House prices in Northern Ireland fell by 13% to around £91,500 in 2012, according to a government index on the housing market.
But despite the continued price slump, sales in the last three months of the year were up 20% on the same period in 2011.
The Residential Property Price Index, which draws information from HMRC figures, gave a standardised house price for the end of 2012 of £91,553 – down more than 50% from the £209,857 peak in 2007.
Ulster Bank chief economist Richard Ramsey (below) said the index gave "the best measure of housing transactions".
It records 13,445 sales in 2012, including repossessions and auction sales.
Between October and December last year there were 3,693 sales, the highest since 4,329 recorded in the last quarter of 2007.
It was also an increase of nearly one-fifth on the last three months of 2011 – a trend confirmed by estate agents.
But Mr Ramsey said: "We still anticipate an overall peak-to-trough decline of around 60%. Some property types have already posted decreases of 60% – ie, terraced properties and apartments."
Rising sales translated into good news for the economy as solicitors, furniture shops and estate agents benefit – but Mr Ramsey cautioned against waiting for a rise in house prices as a sign the market had stabilised.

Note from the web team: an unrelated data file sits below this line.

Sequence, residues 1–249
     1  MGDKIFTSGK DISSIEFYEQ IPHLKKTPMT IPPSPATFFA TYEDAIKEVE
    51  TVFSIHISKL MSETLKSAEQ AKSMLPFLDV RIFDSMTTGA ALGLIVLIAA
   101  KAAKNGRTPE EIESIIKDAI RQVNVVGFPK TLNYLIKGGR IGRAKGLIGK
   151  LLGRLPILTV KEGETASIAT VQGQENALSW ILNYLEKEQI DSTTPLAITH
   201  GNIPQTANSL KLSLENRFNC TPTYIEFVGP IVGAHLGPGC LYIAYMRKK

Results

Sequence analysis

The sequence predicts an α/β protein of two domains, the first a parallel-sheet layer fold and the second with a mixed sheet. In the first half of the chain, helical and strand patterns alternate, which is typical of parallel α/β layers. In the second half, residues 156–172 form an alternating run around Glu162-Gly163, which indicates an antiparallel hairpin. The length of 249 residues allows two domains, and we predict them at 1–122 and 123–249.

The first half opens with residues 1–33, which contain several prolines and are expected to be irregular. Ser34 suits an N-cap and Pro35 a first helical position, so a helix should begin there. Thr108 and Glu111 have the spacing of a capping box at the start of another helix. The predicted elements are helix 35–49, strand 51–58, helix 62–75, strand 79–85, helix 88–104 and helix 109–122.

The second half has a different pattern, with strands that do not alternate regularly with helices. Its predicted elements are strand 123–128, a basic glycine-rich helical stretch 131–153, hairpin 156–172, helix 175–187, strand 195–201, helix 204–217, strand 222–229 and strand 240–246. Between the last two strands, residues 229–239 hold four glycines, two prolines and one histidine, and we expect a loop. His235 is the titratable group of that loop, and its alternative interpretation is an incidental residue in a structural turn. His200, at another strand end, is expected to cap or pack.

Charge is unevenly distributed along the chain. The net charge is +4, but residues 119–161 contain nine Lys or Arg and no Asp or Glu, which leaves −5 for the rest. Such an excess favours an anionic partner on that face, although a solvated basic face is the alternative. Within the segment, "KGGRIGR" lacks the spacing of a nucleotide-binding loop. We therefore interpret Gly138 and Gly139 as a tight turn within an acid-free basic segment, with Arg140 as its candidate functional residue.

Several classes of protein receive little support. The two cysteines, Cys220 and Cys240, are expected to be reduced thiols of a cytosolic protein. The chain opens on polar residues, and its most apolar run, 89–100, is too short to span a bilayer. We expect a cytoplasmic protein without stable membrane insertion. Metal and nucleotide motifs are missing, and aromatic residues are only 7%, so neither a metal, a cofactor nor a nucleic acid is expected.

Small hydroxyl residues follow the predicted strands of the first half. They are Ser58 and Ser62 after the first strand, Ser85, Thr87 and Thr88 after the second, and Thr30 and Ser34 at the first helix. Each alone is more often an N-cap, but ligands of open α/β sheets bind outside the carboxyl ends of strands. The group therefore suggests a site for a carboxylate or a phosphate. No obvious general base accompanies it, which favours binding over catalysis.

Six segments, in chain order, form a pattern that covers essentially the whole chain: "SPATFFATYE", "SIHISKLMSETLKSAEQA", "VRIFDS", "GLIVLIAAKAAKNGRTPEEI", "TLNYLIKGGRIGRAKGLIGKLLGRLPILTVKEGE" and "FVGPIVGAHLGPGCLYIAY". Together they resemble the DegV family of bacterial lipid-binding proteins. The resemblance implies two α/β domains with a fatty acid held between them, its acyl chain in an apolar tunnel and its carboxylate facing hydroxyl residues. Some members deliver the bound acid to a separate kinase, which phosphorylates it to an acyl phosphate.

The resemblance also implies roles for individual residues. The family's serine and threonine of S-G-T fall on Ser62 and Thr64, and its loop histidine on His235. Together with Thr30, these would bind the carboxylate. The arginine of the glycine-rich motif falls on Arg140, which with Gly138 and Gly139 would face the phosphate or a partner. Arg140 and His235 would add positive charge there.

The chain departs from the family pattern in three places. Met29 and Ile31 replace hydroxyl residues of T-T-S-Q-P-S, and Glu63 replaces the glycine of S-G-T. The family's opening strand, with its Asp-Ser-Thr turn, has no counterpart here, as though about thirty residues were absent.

"If and when transaction levels reach 20,000 every year, that would be the green light that things were stabilising."
Economist John Simpson said the increase in transactions and the slowdown of price-drops "would convince me that the worst is over for the housing market".
But he cautioned: "That's not to say that we can look forward to prices increasing but consumer confidence in the housing market would start to increase."
Jonathan Terry of Agar Murdoch Deane estate agents in Comber, Co Down, said: "We have had a good flurry of sales in the detached market though we have been a bit lacking in first-time buyers."
Desmond Turley of Ulster Property Sales in Belfast said transactions were up in his agency but added that more lending was necessary for any price increases to take place.
Conor Mulligan, managing director of housebuilder Lagan Homes, said new home transactions were less badly hit than RPPI figures, which include repossessions, suggest. He said the company sold 80 new homes in 2012, compared to 200 in 2006.
Helen Sloan, a solicitor at O'Hare Solicitors in Belfast, said it was receiving more conveyancing business: "Our business has a much more positive outlook on the conveyancing market than it did a year or two ago."